Heart Failure, Depression, and Nutrition

Instructions:

  • At least two responses to classmates should also be completed.
  • Responses should add to the discussion.  For example, a probing question, further support with scholarly references, or respectful disagreement with scholarly references.
  • Use proper APA formatting for all posts.

Please be sure to validate your opinions and ideas with citations and references in APA format.

Don't use plagiarized sources. Get Your Custom Essay on
Heart Failure, Depression, and Nutrition
Just from $13/Page
Order Essay

 

Response one: A- Lee

The study conducted by Andreae et al. (2018) combines three well-researched areas of healthcare — heart failure, depression, and nutrition — and presents a new way of looking at the association between these areas and how they may ultimately affect the overall health status of heart failure patients.   According to the Centers for Disease Control and Prevention (CDC, 2020), over 6 million adults in the United States have heart failure, many of whom are 70 years old or older.   The CDC also estimates that heart failure costed the U.S. nearly $31 billion back in 2012.   These statistics underscore the importance of continued research on heart failure in order to better prevent and effectively manage the disease.

I do not believe this article contributes primarily to nursing theory or general nursing knowledge.  Rather, I believe the findings of this study largely contributes to nursing practice – specifically for nurses who frequently encounter and care for heart failure patients.   The article by Andreae et al. (2018) highlights the significance of their findings and its relevance in clinical applications when caring for heart failure patients.   This study outlines the importance of identifying signs of depression and poor appetite in order to improve overall health outcomes.  As someone who currently works on a cardiac unit and cares for patients in heart failure, these findings are quite eye opening and bring to light a couple of areas (i.e., nutrition and depression) that may sometimes be overshadowed by other cardiac-focused assessments.

 

References

Andreae, C., Strömberg, A., Chung, M. L., Hjelm, C., & Årestedt, K. (2018). Depressive symptoms moderate the association between appetite and health status in patients with heart failure. The Journal of Cardiovascular Nursing33(2), e15–e20. https://doi.org/10.1097/JCN.0000000000000428 (Links to an external site.)

Centers for Disease Control and Prevention. (2020). Heart failure. https://www.cdc.gov/heartdisease/heart_failure.htm (Links to an external site.)

Response Two: Bet

The research affirms that Heart failure (HF) is a global pandemic affecting 2% of the world’s adult population, with a crescendo of 10 % to 20% among persons above 70 years. It’s also a progressive condition marked by abridged cardiac pump purpose, leading to arduous signs often leading to hospitalization.  Five years after diagnosis chances of death are estimated to be 50% or higher. This report went to unfamiliar territory to examine the relationship linking appetite and wellbeing in people with heart failure and explored whether depressive signs are the cause of this relationship. It showed that decreased appetite leads to lower energy intake which augments the risk of malnutrition development. (Andreae, et al.2018)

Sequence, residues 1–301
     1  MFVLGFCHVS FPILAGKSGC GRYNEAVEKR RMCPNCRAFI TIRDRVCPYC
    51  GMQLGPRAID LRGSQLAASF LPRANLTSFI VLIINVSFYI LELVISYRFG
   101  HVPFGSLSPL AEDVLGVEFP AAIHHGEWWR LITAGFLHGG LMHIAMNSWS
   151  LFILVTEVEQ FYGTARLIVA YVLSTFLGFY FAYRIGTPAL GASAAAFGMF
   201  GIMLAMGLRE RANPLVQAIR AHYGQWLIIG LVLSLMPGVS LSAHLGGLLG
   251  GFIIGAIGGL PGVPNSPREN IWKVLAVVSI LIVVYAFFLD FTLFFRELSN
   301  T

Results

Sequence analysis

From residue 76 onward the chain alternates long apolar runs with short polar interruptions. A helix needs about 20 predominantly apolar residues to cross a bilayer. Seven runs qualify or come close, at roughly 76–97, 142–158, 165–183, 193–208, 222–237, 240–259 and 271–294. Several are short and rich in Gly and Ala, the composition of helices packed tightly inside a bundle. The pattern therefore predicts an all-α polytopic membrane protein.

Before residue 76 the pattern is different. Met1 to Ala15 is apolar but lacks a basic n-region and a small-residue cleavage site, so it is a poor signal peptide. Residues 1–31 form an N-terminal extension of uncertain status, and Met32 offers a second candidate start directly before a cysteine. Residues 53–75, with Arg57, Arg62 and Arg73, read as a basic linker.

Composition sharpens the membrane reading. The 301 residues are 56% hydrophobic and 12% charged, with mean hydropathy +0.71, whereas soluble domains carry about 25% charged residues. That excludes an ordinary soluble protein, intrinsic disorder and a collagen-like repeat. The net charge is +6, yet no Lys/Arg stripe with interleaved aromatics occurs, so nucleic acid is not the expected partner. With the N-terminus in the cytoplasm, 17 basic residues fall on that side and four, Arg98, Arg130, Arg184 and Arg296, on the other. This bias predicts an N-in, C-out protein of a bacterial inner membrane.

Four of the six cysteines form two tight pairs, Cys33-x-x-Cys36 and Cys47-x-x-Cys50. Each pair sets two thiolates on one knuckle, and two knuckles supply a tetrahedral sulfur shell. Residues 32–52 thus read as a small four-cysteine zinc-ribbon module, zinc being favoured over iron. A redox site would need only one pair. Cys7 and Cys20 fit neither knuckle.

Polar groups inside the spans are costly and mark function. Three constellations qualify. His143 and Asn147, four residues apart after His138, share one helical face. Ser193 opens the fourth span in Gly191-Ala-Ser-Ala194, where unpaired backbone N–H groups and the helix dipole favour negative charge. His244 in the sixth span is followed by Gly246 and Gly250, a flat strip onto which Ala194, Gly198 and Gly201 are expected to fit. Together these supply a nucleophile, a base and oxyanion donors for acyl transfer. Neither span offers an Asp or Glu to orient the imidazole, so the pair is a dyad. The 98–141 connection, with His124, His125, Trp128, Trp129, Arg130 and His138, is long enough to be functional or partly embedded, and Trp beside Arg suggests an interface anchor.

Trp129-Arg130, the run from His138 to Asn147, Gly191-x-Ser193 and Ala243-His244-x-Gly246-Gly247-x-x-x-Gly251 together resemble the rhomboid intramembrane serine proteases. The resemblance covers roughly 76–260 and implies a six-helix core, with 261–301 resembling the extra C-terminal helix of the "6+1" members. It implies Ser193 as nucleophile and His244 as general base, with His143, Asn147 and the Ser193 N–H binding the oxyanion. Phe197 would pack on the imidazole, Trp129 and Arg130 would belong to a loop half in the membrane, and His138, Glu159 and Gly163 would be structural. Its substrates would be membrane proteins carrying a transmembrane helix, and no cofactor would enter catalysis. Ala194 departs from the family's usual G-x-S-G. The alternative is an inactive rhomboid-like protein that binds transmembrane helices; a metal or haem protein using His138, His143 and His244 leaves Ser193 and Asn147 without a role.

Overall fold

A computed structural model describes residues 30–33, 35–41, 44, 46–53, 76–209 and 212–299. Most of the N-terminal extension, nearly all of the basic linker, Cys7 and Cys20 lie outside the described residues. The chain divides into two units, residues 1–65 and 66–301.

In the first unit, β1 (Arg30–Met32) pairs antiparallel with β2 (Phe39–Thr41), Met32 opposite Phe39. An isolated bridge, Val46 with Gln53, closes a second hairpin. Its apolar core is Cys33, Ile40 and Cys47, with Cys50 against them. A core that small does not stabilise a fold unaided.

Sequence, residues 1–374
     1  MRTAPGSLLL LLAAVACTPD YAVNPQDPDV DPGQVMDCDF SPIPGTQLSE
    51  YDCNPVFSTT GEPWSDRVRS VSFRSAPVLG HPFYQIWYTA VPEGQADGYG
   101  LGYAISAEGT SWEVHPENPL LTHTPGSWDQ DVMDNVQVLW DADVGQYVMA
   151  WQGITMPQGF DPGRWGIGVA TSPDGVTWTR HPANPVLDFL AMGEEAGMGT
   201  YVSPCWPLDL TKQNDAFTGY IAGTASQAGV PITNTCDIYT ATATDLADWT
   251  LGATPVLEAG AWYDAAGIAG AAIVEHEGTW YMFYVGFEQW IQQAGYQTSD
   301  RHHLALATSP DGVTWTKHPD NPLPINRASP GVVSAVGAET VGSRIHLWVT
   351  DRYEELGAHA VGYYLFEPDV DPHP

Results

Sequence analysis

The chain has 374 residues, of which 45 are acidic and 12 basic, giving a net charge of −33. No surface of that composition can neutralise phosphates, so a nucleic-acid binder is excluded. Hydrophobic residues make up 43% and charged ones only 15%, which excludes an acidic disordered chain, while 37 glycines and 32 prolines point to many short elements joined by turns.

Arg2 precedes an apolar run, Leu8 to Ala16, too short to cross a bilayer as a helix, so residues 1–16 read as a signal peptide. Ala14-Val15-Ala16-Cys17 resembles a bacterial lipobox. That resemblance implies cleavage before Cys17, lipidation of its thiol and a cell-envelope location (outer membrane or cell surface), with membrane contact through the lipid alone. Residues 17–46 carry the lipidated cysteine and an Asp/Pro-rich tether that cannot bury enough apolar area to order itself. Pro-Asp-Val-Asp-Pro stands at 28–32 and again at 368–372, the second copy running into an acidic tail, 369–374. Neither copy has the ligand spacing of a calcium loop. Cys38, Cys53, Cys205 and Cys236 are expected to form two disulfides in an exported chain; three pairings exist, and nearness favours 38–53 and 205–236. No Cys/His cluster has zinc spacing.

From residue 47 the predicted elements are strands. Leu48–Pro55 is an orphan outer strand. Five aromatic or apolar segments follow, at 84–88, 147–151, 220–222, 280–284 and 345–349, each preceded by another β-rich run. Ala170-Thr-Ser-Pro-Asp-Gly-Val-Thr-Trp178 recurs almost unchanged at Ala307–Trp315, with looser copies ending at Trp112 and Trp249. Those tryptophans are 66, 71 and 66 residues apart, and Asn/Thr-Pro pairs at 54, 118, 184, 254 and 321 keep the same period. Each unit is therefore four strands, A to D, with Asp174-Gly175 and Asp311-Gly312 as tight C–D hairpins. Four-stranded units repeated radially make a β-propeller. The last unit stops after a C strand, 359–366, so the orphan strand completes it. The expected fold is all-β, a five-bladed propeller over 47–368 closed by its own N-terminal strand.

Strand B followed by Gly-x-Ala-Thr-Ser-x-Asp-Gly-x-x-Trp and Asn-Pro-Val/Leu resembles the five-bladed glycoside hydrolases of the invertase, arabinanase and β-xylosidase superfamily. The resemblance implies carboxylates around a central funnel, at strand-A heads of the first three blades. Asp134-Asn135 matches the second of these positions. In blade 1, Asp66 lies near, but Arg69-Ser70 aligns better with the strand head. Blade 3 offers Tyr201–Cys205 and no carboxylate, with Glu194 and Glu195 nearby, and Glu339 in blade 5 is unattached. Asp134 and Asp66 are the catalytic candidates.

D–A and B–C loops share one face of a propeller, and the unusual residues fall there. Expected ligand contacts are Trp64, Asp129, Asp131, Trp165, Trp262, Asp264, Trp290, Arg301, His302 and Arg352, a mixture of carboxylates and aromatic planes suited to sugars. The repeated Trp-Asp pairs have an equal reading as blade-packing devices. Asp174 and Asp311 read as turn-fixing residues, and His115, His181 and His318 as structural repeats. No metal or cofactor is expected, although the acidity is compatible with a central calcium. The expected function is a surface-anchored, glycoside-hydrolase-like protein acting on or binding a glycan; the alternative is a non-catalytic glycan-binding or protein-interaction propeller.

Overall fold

The findings contribute to both nursing theory and nursing practice. In nursing theory, the results showed that patients with an advanced level of appetite reported considerably healthier wellbeing. This is basic knowledge because when a patient eats without persuasion his well-being always improves and can also fall into general nursing knowledge.  (Koehler, et al.2021).

In nursing practice, the above knowledge is crucial as it will improve wellbeing in people with HF as it’s vital to target appetite while also identifying and treating depressive symptoms. The findings point out that a decrease in appetite could be cited as a sign of deprived wellbeing and in nursing practice; nurses should gauge appetite in patients with HF for eradication or decrease the threat of developing malnutrition and weakened wellbeing in patients.  (Lin, et al.2020).

References:

Andreae, C., Strömberg, A., Chung, M. L., Hjelm, C., & Årestedt, K. (2018). Depressive symptoms moderate the association between appetite and health status in patients with heart failure. Journal of Cardiovascular Nursing33(2), E15-E20.

Koehler, J., Stengel, A., Hofmann, T., Wegscheider, K., Koehler, K., Sehner, S., … & Laufs, U. (2021). Telemonitoring in patients with chronic heart failure and moderate depressed symptoms: results of the Telemedical Interventional Monitoring in Heart Failure (TIM‐HF) study. European journal of heart failure23(1), 186-194.

Lin, C. Y., Miller, J. L., Lennie, T. A., Biddle, M. J., Mudd-Martin, G., Hammash, M., & Moser, D. K. (2020). Perceived Control Predicts Symptom Status in Patients With Heart Failure. Journal of Cardiovascular Nursing35(6), 530-537.

 

References

American Psychological Association. (n.d.). Make your resume stand out. American Psychological Association. Retrieved September 15, 2021, from https://www.apa.org/gradpsych/2016/01/resume.

 

ORDER NOW »»

and taste our undisputed quality.